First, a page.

The team expects to cross the final 200 miles next year. But as satisfying as that will be, this is a job that truly will never be done. The Ross Ice Shelf drifts northward toward the ocean at a rate of about a meter a day, so in a sense the trail will always be under construction.

Why go to all this trouble? Apparently there’s no science like South Pole science.

The South Pole has an up-close view of the infamous hole in the ozone layer. Its air is as immaculate as air can be in an industrial age, so clean samples are easy for atmospheric scientists to collect. Once the sun dips below the horizon and winter sets in, there is absolutely no background light, so stargazing is a snap for astronomers. Plus, astrophysicists are also using the polar shelf like a massive catcher’s mitt for subatomic particles. High-energy neutrinos from deep space leave tracks as they zip through the snow, and scientists can study them using a special telescope buried deep in the ice cap.

“And they look back in time with ice cores,” Alger says. They hope to determine if global warming is a blip in centuries-long climate cycles that will reverse itself naturally, or if greenhouse emissions are warping the world’s weather for the long haul.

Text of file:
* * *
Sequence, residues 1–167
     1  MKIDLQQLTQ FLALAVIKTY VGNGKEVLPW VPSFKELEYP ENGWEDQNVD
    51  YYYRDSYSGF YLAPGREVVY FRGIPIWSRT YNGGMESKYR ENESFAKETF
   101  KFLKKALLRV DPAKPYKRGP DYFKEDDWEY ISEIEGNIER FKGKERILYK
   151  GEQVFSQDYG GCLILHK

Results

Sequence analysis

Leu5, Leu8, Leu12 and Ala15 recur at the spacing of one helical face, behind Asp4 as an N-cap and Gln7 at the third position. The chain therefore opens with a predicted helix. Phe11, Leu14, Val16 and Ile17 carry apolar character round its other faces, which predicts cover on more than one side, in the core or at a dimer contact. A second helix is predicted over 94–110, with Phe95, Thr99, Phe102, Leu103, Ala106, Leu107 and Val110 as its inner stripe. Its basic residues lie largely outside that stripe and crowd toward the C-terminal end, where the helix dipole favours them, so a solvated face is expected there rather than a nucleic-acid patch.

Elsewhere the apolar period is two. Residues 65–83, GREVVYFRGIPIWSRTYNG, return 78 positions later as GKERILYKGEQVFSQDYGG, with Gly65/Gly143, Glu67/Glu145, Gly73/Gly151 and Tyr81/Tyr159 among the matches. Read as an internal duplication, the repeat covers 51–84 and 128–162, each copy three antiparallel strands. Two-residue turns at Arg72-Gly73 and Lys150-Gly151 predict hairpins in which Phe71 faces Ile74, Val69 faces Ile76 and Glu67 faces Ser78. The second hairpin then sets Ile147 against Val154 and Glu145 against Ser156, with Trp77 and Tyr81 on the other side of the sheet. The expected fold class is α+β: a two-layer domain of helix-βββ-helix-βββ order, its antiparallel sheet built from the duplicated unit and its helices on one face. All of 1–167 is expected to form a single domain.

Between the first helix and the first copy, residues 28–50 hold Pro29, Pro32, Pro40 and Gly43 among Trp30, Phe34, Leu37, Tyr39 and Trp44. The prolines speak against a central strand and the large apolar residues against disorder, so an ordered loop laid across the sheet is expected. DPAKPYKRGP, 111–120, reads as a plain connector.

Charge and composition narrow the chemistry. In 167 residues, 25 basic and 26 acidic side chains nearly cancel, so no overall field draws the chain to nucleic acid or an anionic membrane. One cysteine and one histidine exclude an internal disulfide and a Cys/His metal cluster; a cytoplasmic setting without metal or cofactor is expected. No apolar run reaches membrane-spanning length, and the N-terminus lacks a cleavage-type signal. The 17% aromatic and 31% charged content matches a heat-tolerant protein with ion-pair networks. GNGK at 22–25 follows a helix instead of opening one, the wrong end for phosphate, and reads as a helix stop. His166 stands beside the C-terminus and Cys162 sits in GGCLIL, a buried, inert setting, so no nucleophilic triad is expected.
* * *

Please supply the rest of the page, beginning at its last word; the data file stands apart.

Even though the team has nearly accomplished its mission, Alger ruminates on ways to build a better trail. He hopes to test his SnowPaver groomer this summer in Greenland, with an eye toward packing it south next December. “There’s a great benefit to making a trail strong, but it’s also important to make it smooth,” he notes.

Smooth would be nice, since there is precious little comfort for the trail builders. All eight live in a trailer about the size of a freight car. “On either end are bunks, and in the center is the kitchen. The table is just big enough for eight,” Alger notes. “You learn to step out of the way when you see people coming, and it’s obvious when someone is having a bad day.”

Privacy would seem to be a concern, and Alger anticipates the question. “You do number one outside, and women can pee in a bucket,” he says. “There’s an incinerator toilet, and you do number two in that.”

So what’s the attraction, other than following in the footsteps of Scott and Amundsen? “The main reason I go is that I can stand in the sunshine,” Alger admits. When the Keweenaw is shadowed in clouds and darkness, Antarctica is ablaze in day-and-night light.

“I sure hope I can go again next year.”